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Negative Compressibility
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The isothermal compressibility, (the inverse of the bulk modulus), describes the behaviour of a solid or a liquid when the external pressure is changed, and may be defined as:


where P is the pressure and V is the volume.

Normally, as the hydrostatic pressure is increased, a material / structure decreases in size from all directions, whilst as the hydrostatic pressure is reduced, the material / structure experiences an increases in size from all directions (see Fig 1a). Such ‘normal’ systems are said to have a positive compressibility. Systems with negative compressibility i.e. systems which increase in size as the hydrostatic pressure is increased and decrease in size as the hydrostatic pressure is increased, are ‘assumed’ to be forbidden by classical thermodynamics [Münster 1969, Kubo 1968, Wallace 1972]. However a number of reports in the literature have shown that such negative compressibility is possible. In fact, cesium dihydrogen phosphate [Prawer 1985], orthorhombic high-pressure paratellurite(TeO2) phase [Skelton 1976], lanthanum niobate [Mariathasan 1985], Ag3[Co(CN)6] [Goodwin, 2008] and isomorphous trigonal Selenium, Tellurium phases [Munn 1972, Nelson 1993] and methanol monohydrate [Fortes 2011] were all reported to exhibit linear negative compressibility (i.e. one side of the system gets larger when the hydrostatic pressure is increased, whilst the other two sides behave in an expected manner). In 1998, Baughman reported that rare crystal phases may exhibit linear or area negative compressibility and also argued that a network having stretch densified rods is envisaged to exhibit negative volumetric compressibility [Baughman, 1998a]. Later, Lakes also argued that open cell foams may also exhibit incremental negative compressibility [Moore 2006, Moore 2007]. In 2008, Lakes and Wojciechowski challenged the assumption that the bulk modulus needs to be positive and argued that there exists no convincing interpretation in thermodynamics which states that a constrained solid object may not exhibit a negative bulk modulus [Lakes 2008]. More recently, Stepanov argued that the phenomenon of negative compressibility could be used to modify the Clapeyron equation, which is an equation used to calculate phase diagrams, resulting in a much superior version [Stepanov 2010].

As in the case of auxetic materials, materials having negative compressibility are of interest because they offer a number of advantages in the design of high-tech applications. For example, such systems can be used as extremely sensitive pressure detectors (Baughman, 1998a) and in telecommunication line systems, where if they are designed to exhibit a compressibility of zero, they would not be affected by the high pressures when lowed deep in the sea. Also, it was postulated that such systems may have very high refractive index thus would give high advantages when used in optical materials (Baughman, 1998a).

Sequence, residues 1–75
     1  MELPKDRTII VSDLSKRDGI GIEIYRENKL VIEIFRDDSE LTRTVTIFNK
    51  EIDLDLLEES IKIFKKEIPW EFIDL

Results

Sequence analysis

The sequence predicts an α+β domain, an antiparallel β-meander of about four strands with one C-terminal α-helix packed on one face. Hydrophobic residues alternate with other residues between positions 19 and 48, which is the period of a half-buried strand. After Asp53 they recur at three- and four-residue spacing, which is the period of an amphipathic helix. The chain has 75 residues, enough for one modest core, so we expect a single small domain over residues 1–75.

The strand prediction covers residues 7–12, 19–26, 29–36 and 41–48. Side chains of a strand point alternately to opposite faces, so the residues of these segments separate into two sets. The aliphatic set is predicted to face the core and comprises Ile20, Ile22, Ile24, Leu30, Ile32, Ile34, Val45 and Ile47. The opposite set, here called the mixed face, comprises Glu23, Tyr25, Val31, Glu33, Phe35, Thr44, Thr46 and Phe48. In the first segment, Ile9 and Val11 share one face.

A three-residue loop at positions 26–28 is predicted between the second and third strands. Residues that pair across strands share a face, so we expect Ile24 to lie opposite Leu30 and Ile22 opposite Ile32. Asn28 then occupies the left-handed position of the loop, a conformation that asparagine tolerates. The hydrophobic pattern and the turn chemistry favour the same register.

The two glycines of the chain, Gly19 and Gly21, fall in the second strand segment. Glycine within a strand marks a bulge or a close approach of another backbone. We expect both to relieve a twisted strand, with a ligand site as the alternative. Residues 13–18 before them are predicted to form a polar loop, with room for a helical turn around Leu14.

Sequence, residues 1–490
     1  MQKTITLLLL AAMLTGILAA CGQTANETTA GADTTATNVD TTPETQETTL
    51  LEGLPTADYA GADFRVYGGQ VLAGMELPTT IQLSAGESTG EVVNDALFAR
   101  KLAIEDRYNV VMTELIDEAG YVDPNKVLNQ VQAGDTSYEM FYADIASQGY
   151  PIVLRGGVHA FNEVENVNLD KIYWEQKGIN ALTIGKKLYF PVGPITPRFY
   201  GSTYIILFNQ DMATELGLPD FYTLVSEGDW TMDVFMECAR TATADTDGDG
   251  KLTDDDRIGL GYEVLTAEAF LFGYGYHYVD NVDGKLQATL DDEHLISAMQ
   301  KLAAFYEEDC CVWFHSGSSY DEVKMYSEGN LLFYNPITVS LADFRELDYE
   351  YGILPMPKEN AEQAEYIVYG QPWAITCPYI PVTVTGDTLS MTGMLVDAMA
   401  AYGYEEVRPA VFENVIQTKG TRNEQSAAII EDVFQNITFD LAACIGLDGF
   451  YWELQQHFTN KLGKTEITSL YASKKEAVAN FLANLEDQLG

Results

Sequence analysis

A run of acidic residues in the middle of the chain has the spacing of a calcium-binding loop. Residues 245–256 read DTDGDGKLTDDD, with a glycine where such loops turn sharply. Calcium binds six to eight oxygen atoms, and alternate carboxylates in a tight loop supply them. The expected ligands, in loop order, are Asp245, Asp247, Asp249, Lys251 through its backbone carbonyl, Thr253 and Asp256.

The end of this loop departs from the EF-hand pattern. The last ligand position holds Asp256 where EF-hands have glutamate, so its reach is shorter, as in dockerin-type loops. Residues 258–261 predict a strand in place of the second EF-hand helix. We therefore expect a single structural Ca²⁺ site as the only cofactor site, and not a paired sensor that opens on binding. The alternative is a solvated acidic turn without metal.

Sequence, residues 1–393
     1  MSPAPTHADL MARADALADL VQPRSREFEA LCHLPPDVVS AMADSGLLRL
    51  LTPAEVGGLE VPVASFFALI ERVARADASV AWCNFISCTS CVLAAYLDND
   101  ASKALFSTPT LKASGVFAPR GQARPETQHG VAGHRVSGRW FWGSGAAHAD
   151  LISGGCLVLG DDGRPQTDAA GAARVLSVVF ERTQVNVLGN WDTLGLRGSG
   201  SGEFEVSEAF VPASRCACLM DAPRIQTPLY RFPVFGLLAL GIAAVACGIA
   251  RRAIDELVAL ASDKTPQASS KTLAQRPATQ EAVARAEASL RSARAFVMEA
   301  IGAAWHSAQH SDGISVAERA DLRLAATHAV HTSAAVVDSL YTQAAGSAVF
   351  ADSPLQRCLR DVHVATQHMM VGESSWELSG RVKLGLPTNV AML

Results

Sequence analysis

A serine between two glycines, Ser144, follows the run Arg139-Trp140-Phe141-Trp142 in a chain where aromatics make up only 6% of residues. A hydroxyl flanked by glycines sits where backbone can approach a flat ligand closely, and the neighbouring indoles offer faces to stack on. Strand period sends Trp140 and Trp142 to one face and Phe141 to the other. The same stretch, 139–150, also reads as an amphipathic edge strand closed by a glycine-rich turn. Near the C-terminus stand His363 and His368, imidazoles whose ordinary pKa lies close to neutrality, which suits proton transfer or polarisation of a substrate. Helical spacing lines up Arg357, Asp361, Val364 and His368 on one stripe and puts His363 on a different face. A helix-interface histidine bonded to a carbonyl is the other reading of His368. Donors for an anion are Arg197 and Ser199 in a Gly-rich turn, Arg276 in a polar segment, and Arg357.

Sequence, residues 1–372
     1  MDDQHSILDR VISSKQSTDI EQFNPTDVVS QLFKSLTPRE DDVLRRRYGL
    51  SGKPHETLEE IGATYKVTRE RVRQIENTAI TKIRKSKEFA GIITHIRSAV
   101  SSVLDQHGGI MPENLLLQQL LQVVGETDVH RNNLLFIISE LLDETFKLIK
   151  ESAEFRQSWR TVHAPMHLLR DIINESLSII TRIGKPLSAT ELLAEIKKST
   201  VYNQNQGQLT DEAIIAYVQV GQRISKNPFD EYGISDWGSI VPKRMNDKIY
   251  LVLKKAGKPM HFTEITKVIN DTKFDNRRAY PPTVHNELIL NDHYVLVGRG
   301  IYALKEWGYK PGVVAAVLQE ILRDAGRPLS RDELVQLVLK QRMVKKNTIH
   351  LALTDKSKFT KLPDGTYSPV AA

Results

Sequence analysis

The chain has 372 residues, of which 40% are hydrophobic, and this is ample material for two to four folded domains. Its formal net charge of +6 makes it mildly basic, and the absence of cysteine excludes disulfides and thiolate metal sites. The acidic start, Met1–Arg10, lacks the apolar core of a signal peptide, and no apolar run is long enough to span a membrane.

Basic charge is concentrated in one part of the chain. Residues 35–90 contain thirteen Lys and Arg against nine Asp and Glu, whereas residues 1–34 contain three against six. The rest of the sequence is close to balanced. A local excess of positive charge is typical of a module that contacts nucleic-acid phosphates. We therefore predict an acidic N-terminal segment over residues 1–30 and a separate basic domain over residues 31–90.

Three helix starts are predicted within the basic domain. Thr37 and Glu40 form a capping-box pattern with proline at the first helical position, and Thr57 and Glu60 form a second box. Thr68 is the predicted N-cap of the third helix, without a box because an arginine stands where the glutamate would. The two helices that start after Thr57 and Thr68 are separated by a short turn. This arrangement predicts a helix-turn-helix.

Figure 1 (a): A conventional system which gets larger when the external hydrostatic pressure is decreased and (b) a negative compressibility system which gets smaller when the external hydrostatic pressure is decreased .


Structures with a Negative Compressibility proposed by the Malta Group.  

(1) Chiral systems with bi-material ligaments

It has long been known that when two materials having different coefficients of thermal expansion (CTE) are glued together, they will curve when subjected to a change in temperature, as in the case of a bi-metallic strip in a thermostat mechanism. Nevertheless, it is important to note that the same strips will also curve when subjected to a change in pressure, a behaviour which becomes appreciable when the constituent materials have sufficiently different moduli and/or Poisson’s ratios, and/or when the pressure change is sufficiently large. This bending is caused by the different strains each material would experience in the free (unbound) state. This mismatch in strains would result in internal stresses which in turn bend the bi-material strip. This is in itself a very important property of bi-material strips which unfortunately is much less publicised than the analogous effect which results when the strips are subjected to temperature changes. Furthermore, such bi-material elements can be used in the construction of smart structures which utilise this effect to exhibit unusual macroscopic properties, including negative compressibility.